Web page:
Swet Shop Boys are a couple of handsome, great-rapping celebrity fellas — the pairing of Heems (formerly of Das Racist) and Riz MC (aka Riz Ahmed, British actor and star of The Night Of). You’d think the only trouble they’d have getting through an airport would be getting mobbed by adoring fans, and yet their latest track together, “T5”, is fueled by the absolute inanity of the TSA. “Oh no, we’re in trouble/ TSA always wanna burst my bubble/ Always get a random check when I rock the stubble,” goes the hook, each dude taking their turn to roll their eyes at the stupidity. Heems has been one of the most interesting voices in music when it comes to being brown in a post-9/11 world, and Swet Shop Boys is shaping up to continue that hot streak. –Adam Kivel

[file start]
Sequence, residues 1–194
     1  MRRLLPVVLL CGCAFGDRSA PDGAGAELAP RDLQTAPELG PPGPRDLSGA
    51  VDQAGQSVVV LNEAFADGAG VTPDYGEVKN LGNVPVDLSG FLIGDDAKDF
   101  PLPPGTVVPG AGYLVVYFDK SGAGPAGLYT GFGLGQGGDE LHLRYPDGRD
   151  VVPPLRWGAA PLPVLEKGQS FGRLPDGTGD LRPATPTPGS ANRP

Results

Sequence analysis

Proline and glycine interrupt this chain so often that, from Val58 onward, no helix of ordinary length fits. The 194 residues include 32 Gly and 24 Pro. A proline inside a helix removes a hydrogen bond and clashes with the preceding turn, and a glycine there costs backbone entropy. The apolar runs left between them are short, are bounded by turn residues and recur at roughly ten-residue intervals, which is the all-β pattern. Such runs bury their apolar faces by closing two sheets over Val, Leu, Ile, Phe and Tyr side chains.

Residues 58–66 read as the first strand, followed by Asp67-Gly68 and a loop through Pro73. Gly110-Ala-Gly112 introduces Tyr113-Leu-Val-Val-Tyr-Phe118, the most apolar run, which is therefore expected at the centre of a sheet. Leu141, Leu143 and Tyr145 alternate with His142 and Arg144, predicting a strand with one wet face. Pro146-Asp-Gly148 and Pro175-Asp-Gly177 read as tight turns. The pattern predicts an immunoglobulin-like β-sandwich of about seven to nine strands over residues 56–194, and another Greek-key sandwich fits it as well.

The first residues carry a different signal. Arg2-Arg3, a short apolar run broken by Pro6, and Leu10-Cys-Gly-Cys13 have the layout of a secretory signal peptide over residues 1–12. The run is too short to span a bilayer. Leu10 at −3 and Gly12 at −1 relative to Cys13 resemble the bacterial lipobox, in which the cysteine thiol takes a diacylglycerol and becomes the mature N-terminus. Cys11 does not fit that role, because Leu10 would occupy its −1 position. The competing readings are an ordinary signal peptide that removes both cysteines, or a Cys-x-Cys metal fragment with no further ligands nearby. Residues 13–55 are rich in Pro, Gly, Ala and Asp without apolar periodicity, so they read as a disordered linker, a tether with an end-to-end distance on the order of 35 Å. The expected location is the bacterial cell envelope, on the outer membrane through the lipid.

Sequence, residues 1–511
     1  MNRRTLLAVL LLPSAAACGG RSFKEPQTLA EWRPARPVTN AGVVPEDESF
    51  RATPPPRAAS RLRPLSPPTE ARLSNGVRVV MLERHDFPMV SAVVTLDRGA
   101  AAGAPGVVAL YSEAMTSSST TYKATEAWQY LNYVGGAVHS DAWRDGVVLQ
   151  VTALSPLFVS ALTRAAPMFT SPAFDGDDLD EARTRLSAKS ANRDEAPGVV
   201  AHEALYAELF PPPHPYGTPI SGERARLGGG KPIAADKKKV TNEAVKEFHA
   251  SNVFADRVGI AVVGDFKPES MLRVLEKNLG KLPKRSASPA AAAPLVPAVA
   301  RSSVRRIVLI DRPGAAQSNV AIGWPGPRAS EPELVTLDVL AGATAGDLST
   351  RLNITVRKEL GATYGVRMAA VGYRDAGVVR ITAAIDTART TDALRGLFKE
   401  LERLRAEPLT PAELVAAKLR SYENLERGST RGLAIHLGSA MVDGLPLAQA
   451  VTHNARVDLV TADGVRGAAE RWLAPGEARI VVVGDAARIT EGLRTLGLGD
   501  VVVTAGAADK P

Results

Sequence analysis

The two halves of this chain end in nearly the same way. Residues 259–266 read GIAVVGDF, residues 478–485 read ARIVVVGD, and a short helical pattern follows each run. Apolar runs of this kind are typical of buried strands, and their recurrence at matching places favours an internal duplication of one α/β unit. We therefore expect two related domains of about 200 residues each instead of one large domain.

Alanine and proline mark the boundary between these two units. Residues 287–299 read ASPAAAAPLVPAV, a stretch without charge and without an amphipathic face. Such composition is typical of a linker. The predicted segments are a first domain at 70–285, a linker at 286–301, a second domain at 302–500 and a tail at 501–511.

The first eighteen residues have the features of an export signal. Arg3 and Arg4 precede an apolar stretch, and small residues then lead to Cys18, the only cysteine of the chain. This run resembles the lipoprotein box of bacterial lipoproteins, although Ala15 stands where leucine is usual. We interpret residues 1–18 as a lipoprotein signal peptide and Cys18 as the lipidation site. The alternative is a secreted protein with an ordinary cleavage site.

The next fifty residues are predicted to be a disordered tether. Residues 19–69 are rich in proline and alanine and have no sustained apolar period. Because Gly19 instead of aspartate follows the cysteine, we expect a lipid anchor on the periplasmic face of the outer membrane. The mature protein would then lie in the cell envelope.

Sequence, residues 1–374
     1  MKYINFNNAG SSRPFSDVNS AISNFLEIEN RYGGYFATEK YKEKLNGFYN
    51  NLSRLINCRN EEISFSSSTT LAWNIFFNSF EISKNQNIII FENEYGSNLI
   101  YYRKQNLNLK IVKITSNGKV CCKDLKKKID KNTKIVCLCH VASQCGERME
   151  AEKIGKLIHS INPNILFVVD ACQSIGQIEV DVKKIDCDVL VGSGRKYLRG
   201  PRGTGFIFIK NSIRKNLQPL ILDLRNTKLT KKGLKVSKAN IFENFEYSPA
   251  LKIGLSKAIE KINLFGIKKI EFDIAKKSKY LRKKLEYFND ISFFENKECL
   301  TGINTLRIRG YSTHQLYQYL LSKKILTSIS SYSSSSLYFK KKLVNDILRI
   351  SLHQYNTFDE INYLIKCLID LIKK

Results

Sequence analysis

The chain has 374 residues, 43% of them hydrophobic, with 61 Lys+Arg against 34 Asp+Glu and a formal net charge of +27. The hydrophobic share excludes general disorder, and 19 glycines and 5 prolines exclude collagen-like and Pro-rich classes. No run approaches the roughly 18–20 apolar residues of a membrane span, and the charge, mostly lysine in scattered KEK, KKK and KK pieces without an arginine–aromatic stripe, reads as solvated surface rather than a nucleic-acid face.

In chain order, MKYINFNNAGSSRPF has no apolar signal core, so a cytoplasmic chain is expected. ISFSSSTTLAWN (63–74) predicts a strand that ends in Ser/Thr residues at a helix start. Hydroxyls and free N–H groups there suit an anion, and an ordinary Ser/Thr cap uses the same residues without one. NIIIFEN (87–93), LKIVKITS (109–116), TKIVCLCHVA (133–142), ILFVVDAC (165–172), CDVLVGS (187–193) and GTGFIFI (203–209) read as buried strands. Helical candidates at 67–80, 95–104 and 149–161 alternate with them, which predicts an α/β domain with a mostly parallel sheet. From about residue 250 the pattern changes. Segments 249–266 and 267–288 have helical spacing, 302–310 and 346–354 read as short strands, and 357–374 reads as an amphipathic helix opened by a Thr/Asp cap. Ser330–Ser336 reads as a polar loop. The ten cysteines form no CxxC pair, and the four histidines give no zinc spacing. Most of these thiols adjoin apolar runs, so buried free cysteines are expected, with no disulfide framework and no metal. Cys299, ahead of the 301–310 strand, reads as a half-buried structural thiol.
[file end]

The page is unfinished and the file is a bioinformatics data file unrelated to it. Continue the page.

05. BLKKATHY – “Lemon”

blkkathy Top 10 Songs of the Week (8/5)

Kate Faust and Kate Linhardt make up the Brooklyn duo BLKKATHY, and they’re set to drop their EP entitled Lemon later this summer. The R&B outfit have now released the first single, a title track brimming with playful, bouncy synths and hushed 808s. Both singers’ harmonies coalesce into a coy wordplay: “I let you lie to me forever,” they sing in a languid, deep timbre. “Let you play me, think you’re clever.” Erratic and layered beats culminate in reverb-soaked electronics that froth at the top and pop like bubbly champagne. Cheers as you’re on to the next one. –Alejandra Ramirez


04. Valley Queen – “In My Place”

valley queen in my place